The coal-rich Botswana has an opportunity to create thousands of jobs if it were to convert its large quantities of coal reserves it has into liquids and in the process help the country diversify its economy. Botswana Oil Limited (BOL) chief executive officer, Willie Mokgatlhe told the inaugural Mining Investment Botswana that the 212 billion coal under the ground can be turned into opportunities that can create 15, 000 jobs when the coal to liquid plant is being built and 4, 000 permanent jobs when it becomes operational.
“This is a sizeable number of jobs. If you have a plant like this, you will immediately replace some of the jobs you have lost in the mining industry,” Mokgatlhe said, adding that the country can also be able to export liquids products and have an import substitution of $1.2 billion.
More than 10, 000 jobs have been lost in the industry with the recent closure of BCL Mine and Tati Nickel keeping Cabinet’s mid night oil burning to try and secure a buyer for the assets. Already, it has emerged there is an interested potential buyer from Dubai.
BoL feels that although such projects are capital intensive, Botswana will not only be a consumer but exporter of liquids products to the region where South Africa imports most of its requirements. “It also gives us the opportunity to diversify the economy,” he said. Equally, the vast coal resources will make the country a major energy player in the region. South Africa alone imports between 150, 000 to 180, 000 barrels per day of liquids fuels, which in itself presents a market for Botswana.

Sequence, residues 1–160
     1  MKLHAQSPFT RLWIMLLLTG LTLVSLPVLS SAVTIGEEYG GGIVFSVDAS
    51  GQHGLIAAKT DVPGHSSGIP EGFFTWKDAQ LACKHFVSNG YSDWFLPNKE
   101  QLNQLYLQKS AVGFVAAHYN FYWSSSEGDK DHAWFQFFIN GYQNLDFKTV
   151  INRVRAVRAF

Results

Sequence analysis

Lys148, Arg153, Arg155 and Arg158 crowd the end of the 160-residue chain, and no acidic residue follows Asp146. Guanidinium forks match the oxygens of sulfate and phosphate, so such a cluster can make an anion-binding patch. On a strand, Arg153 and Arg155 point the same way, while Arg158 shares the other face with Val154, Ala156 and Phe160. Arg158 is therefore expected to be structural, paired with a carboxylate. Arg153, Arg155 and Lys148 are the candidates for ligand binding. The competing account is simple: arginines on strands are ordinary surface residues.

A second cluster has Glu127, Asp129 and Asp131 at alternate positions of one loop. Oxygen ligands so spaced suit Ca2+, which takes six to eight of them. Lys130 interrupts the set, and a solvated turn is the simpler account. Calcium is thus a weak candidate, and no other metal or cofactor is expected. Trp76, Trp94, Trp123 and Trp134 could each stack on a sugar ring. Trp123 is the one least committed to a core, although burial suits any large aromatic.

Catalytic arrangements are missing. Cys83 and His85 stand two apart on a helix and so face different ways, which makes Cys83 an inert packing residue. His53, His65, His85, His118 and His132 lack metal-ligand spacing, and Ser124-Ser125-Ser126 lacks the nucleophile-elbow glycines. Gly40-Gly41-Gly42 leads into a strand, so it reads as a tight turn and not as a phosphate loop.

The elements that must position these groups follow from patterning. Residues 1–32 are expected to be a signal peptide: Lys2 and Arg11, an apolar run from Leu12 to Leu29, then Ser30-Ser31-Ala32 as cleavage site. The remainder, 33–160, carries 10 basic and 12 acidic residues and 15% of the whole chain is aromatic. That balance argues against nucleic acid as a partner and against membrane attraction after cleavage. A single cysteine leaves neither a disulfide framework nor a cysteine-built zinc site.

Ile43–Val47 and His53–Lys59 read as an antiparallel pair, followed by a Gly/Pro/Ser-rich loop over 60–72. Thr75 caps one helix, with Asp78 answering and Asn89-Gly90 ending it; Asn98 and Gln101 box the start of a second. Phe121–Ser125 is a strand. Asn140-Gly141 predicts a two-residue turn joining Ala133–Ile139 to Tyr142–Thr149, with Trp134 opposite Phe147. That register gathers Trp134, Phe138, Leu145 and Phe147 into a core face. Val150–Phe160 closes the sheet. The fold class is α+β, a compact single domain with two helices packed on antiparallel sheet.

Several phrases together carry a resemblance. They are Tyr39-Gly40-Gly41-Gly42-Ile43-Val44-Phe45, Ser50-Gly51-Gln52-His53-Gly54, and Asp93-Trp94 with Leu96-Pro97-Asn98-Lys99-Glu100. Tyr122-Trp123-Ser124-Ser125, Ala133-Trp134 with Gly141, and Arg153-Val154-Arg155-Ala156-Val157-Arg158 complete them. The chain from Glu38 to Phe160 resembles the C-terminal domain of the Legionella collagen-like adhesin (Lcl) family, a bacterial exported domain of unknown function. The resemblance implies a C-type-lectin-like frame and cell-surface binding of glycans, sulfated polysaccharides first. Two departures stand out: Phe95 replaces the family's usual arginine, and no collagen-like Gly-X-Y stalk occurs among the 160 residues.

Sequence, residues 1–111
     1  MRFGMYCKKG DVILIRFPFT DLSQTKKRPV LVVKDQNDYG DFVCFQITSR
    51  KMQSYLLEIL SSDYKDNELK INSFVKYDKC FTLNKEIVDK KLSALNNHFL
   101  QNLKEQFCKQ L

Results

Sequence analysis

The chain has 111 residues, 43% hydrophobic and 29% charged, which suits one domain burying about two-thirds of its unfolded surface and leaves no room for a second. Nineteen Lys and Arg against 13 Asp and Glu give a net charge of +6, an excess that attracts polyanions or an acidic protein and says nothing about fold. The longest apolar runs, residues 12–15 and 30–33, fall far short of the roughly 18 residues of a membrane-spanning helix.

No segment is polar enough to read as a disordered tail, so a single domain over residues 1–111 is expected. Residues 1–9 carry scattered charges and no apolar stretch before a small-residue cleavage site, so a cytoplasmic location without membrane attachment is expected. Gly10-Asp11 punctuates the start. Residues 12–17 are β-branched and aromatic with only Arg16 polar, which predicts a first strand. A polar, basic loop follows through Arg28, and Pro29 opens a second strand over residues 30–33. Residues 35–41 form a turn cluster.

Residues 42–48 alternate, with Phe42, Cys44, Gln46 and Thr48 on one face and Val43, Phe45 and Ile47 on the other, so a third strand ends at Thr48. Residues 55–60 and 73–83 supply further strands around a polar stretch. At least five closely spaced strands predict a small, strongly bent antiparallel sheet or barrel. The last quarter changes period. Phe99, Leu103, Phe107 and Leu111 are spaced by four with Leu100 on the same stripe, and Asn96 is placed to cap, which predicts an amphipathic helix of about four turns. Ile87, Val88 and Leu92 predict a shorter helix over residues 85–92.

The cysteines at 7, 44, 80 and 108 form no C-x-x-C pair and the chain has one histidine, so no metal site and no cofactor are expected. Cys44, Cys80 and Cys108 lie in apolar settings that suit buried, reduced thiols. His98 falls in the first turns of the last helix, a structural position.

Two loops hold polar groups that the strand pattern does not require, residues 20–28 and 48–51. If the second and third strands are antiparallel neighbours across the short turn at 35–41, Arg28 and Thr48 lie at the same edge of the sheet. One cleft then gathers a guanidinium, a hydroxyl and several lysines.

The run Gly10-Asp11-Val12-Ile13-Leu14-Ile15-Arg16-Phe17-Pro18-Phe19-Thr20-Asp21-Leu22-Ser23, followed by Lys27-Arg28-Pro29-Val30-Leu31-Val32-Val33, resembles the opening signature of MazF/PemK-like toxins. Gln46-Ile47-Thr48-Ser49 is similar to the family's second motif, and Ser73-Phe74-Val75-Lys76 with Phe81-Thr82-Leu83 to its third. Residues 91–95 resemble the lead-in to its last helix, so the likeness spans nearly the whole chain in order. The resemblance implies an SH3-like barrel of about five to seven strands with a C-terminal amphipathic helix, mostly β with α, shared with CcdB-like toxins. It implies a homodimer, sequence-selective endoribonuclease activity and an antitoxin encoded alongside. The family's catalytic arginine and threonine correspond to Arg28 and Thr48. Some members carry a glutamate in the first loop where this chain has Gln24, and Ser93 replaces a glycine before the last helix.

Mokgatlhe admits the project comes with its own challenges including the fact that Botswana will have to compete with trail blazers like Sasol, the South Africa’s international integrated chemicals and energy company. “Sasol plays a major role in this space,” he admitted.
Sasol said on its website that through its proprietary technologies and processes the main products it produces are: fuel components, chemical components and co-products. From these main products and further value-adding processes it delivers diesel, petrol (gasoline), naphtha, kerosene (jet fuel), liquid petroleum gas (LPG), olefins, alcohols, polymers, solvents, surfactants, comonomers, ammonia, methanol, crude tar acids, sulphur, illuminating paraffin, bitumen and fuel oil.
According to Mokgatlhe, Mozambique also has a lot of gas and they are looking into gas to liquids and their plant would supply more than the country’s demand.
Equally, converting coal to liquids is a capital intensive undertaking that will make government think twice especially at a time when treasury is experiencing declining revenues from mining and other sources.
“It is capital intensive (and) there is huge start up costs,” he revealed. It is estimated that a gas to liquids plat could cost over P3 billion and additional P1billion for a coal to liquid plant as gas is less expensive. The project can also face environmental concerns, but Mokgatlhe said modern technology can be used to mitigate against such and reduce the impact.
However, Mokgatlhe says there is still a lot of work to be done by different stakeholders as the country mulls gas to liquid opportunities.